Human interest stories are some of the most well-read stories in the paper and online. A story on a person facing a hardship or overcoming one. An organization striving to help those in need. A family affected by an unfortunate occurrence through no fault of their own. These are stories readers and writers can relate to. Many times readers will respond to the articles and want to reach out to those needing help. In the past, a reader might contact the reporter, who would forward the offer.
Comic-Con International is the biggest convention in San Diego. It draws news coverage from around the world and presents opportunities for unique coverage by the Union-Tribune. It will attract 130,000 attendees for its four-and-half-day run that begins July 19 with preview night. Thousands of others will come to the Gaslamp Quarter to take in the scene outside the Convention Center.
How did that story make the front page? It’s something I’m sure readers have asked at one time or another. Some stories are pretty clear-cut, but others teeter between the front and inside or the A and B sections. Some of the factors that come into play are heavy or light news days, the mix of subject matter, the number of people affected or potentially affected, how well a story is written, human interest and the time the news occurred.
Muck Rack makes it simple to find people, tweets, or articles that mention any name, keyword, company, hashtag etc. We've compiled this guide to help you make the most of your search.
Selecting a term
Start searching tweets, articles from media outlets, articles mentioned in tweets, journalists'
names, titles and bios with some suggested searches:
Companies or Topics (e.g. iPhone, Microsoft)
Phrases (e.g. "cloud computing") — use quotes to keep the terms together
Twitter handles (e.g. @username) — returns those who have mentioned or replied to
Names (e.g. "David Pogue")
Hashtags (e.g. #sxsw, #london2012)
Bio details (e.g. vegan, Olympics, father)
Muck Rack's Advanced Search allows for many boolean operators.
Find results that mention multiple specified terms, use AND or
+. For example, ensure each result contains both Elon Musk and Mark Zuckerberg by
searching Obama AND Romney or Obama + Romney.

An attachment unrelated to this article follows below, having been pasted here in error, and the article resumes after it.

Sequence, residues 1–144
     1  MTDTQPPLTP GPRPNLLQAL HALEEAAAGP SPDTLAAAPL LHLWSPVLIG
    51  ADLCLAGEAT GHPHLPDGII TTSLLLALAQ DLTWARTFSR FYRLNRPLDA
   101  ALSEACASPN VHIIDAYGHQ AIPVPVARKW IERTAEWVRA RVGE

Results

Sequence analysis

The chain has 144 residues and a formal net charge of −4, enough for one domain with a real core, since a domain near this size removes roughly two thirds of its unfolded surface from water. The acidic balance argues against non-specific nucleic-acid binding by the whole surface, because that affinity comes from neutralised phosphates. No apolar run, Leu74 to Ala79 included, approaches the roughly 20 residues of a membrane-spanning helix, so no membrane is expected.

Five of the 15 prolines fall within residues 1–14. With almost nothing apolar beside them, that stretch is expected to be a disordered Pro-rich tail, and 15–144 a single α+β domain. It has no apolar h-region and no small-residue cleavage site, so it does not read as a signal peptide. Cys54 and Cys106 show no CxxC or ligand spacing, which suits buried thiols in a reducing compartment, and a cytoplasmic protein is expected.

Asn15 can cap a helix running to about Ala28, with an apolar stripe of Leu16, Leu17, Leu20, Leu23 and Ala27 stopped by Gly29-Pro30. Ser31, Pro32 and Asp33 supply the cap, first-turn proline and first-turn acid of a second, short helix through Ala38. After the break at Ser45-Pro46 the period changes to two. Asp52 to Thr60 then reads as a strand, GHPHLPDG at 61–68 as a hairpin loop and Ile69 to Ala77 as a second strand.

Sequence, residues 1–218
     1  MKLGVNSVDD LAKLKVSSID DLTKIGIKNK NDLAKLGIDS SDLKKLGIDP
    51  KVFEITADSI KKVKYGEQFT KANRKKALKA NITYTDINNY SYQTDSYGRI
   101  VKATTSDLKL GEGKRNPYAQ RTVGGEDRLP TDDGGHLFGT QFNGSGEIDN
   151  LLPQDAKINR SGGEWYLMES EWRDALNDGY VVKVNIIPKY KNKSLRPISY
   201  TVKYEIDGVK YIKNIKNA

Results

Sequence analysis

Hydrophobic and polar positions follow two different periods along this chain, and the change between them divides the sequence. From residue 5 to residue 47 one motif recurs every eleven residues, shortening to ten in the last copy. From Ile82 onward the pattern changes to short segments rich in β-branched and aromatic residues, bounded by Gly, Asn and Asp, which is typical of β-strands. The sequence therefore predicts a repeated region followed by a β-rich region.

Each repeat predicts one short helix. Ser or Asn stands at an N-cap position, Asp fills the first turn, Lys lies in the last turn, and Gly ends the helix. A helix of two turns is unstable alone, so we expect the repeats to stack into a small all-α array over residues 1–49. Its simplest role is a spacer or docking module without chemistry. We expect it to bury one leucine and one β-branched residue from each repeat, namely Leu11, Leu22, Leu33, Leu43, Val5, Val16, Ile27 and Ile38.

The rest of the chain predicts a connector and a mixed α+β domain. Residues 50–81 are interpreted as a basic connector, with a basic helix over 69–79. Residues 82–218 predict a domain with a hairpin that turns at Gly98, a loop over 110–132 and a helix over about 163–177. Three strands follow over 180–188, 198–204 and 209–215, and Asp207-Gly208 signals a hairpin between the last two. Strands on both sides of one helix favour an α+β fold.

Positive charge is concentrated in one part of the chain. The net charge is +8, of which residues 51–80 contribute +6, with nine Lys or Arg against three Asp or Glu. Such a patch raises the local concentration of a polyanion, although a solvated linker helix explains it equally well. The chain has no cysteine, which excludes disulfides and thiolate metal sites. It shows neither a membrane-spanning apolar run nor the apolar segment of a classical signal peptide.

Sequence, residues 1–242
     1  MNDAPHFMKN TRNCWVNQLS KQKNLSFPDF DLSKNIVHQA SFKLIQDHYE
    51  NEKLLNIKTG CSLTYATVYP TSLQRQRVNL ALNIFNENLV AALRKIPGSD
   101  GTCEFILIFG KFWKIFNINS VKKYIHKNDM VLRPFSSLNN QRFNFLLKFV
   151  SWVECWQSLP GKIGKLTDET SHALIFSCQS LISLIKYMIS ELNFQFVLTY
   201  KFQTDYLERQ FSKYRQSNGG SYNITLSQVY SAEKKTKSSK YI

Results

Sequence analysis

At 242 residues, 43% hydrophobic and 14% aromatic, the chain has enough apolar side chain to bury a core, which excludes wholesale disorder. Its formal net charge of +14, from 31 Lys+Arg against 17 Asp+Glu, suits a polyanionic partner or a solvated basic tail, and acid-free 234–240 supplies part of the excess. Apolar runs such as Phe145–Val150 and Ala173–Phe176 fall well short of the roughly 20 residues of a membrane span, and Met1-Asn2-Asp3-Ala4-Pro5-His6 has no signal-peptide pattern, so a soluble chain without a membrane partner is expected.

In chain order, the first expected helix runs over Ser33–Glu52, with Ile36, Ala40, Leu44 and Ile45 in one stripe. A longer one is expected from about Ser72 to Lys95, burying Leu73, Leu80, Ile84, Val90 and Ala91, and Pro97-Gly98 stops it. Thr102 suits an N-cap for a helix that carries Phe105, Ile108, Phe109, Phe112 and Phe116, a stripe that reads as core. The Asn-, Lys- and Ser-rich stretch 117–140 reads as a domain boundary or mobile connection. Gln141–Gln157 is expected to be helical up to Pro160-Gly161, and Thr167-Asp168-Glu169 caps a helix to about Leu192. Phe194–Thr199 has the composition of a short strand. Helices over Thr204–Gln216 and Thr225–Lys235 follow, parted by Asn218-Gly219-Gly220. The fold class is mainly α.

Use the operators OR or , to broaden your search when you'd like either of
multiple terms to appear in results. (This is the default behavior of our search when no operators
are used.) For example, search for democrat OR republican to find results that refer to
Democrats and/or Republicans.
Use NOT or - to subtract results from your search. For
example, searching Disney will yield results about the Walt Disney Company as well as Walt Disney
World Resort. To exclude mentions of Disney World, search for Disney -World or Disney
When using one of these operators with a phrase, enclose it in quotation marks. For example, you can
find results about smartphones excluding Apple's iPhone 4S by searching smartphone -"iPhone
Exact case matching or punctuation
If you're searching for a brand name or keyword that relies on specific punctuation marks or capitalization, you can
find results that match your exact query by adding matchcase: before the keyword you're searching for, like matchcase:E*TRADE .
Use parentheses to separate multiple
boolean phrases. For example, to find journalists talking about having fun in Disney World or
Disneyland, search for ("disney world" OR disneyland) AND fun.
An asterisk can be used to search for any variation of a root word truncated by the asterisk. For example, searching for admin* will return results for administrator, administration, administer, administered, etc.
A near operator is an AND operator where you can control the distance between the words. You can vary the distance the near operation uses by adding a forward slash and number (between 0-99) such as strawberries NEAR/10 "whipped cream", which means the strawberries must exist within 10 words of "whipped cream".